Exactly how open are Open Public Services?

Warning: contains polit­ics!

What does the word ‘open’ mean to you? To me it’s linked with a few things — it means some­thing that every­one can get hold of and get involved in, that every­one can see how it works, and that is open to people’s feed­back, and their criti­cism. It shows you exactly what you’re going to get, and how you’re going to get it. However, to me this is more or less the oppos­ite of what the govern­ment are propos­ing White Paper (that’s the kind of paper they put out to show their big ideas before they talk about them in more depth) on Open Public Services — for a good number of people in the UK they could be shut­ting the door and lock­ing it.

Why? Firstly, the paper explains that the UK’s poor are suffer­ing because of a lack of decent services in their area. Not many people would dispute that — it’s abso­lutely true that for health­care and educa­tion, where you live massively affects the qual­ity of the services you have.

Secondly, the paper sets out the areas the govern­ment wants to improve and sets out a number of ways it thinks it can achieve:

  • Choice – Wherever possible we will increase choice.
  • Decentralisation – Power should be decent­ral­ised to the lowest appro­pri­ate level.
  • Diversity – Public services should be open to a range of providers.
  • Fairness – We will ensure fair access to public services.
  • Accountability – Public services should be account­able to users and taxpay­ers.

All very nice. However if the govern­ment really want to do what they prom­ise to do at the very begin­ning of the paper and bring real choice and great services to poor areas, what they propose simply does not go far enough, and in my opin­ion could leave the poor and vulner­able even more exposed to bad prac­tices and unfair­ness than ever before.

A big part of their plan is about encour­aging busi­nesses to fight against each other making them more effi­cient or better at health­care, or educa­tion, or running a care home. Fair enough, that might work where there are enough people to support loads of compan­ies, but what about where there aren’t? In the coun­tryside, for example, or on a run-down estate where having two corner­shops just means one quickly goes out of busi­ness — a choice of one isn’t really much of a choice.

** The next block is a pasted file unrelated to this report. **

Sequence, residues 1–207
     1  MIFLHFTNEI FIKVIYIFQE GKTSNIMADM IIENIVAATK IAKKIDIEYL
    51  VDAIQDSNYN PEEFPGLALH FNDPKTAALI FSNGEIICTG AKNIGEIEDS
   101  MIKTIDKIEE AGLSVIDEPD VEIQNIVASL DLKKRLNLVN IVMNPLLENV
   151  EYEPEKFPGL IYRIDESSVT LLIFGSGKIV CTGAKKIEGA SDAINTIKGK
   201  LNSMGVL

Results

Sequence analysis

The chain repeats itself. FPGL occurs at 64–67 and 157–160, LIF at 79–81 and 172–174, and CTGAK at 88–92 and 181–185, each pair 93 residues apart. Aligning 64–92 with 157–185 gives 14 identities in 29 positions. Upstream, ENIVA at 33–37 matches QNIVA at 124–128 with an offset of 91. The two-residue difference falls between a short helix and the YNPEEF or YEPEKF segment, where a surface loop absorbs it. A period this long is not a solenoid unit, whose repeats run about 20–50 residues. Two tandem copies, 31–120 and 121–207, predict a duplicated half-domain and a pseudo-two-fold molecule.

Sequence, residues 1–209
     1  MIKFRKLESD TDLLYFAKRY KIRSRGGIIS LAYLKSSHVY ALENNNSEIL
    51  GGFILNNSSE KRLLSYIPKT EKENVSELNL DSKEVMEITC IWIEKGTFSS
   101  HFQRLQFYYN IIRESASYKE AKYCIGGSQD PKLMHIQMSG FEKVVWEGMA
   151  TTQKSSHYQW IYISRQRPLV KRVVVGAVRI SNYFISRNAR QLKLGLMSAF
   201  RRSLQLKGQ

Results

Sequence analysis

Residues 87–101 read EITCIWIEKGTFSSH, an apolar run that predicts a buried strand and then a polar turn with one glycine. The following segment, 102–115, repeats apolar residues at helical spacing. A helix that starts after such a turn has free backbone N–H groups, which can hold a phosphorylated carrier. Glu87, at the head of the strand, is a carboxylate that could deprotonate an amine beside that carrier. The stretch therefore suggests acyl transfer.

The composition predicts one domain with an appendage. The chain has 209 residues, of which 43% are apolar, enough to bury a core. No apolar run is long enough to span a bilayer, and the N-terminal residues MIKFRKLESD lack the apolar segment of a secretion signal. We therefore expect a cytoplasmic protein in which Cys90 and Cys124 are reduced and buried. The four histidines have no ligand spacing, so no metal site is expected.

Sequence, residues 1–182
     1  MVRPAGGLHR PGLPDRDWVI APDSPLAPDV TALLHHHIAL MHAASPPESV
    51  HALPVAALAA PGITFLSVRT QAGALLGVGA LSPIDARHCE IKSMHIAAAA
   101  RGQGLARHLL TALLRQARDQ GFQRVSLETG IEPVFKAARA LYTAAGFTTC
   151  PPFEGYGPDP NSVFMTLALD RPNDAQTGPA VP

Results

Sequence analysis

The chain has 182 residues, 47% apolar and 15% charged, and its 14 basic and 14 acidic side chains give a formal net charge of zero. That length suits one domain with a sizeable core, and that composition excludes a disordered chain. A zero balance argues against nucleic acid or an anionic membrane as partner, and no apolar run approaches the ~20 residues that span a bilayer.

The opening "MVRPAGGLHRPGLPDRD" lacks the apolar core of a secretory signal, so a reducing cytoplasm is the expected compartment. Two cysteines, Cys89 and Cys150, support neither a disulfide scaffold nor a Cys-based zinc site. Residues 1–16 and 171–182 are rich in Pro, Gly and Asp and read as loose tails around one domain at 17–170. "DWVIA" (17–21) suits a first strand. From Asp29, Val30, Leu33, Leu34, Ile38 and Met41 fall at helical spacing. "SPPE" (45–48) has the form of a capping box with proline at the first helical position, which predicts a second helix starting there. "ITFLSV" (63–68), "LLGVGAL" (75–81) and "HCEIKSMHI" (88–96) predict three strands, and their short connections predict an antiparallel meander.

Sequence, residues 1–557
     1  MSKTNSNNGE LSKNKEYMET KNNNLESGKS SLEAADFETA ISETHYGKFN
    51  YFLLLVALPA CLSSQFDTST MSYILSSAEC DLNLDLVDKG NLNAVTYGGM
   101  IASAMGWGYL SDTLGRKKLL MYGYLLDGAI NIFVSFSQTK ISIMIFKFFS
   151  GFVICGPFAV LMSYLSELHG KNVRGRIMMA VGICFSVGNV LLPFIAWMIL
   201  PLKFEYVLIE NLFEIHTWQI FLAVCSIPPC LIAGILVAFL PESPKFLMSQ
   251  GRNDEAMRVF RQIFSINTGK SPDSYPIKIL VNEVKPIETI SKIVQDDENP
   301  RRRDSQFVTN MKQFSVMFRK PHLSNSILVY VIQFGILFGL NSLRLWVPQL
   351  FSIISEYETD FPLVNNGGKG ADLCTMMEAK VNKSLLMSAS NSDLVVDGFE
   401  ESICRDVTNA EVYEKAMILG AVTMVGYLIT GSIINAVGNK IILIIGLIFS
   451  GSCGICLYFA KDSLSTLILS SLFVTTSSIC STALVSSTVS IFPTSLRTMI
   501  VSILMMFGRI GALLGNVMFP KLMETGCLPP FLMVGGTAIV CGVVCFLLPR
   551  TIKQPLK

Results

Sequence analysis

There are other examples of ways this paper disad­vant­ages people outside of a certain income bracket or even a post­code, for example the govern­ment wants the UK citizen to do almost everything online, a crush­ing disad­vant­age to people who can neither get nor afford broad­band.

But the main thing that occurs to me is that in places that have this real lack of choice, you could get some really concern­ing things happen­ing. The govern­ment has already shown itself to be broadly in favour of things like faith schools — what if they were your only choice for educat­ing your child? And what if health services followed suit, leav­ing your area’s only sexual health advice centre in the hands of a rigidly ‘pro-life’ or anti-gay company.

The paper talks about places you can complain to, certi­fic­ates for compan­ies offer­ing services, low levels of support for people who can’t afford treat­ment or care, and a prom­ise that compan­ies will have to look after the disad­vant­aged just as much as those who can afford to pay on their own, but they’re being very vague about what any of that means.

So I urge you to tell them that poorer and less popu­lated areas need more protec­tion than they’re offer­ing, that choice should always mean real choice, and not the lesser of the remain­ing evils, and that fair in areas that can’t afford choice could well mean keep­ing exist­ing services in place and giving them what they need to offer the people they look after the best possible care, educa­tion and advice.

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Corinne Pritchard

Corinne Pritchard

Information Designer at Simply Understand
I believe design and design­ers can and should make the world a better place. I love design­ing things that help people under­stand complex ideas.
Corinne Pritchard

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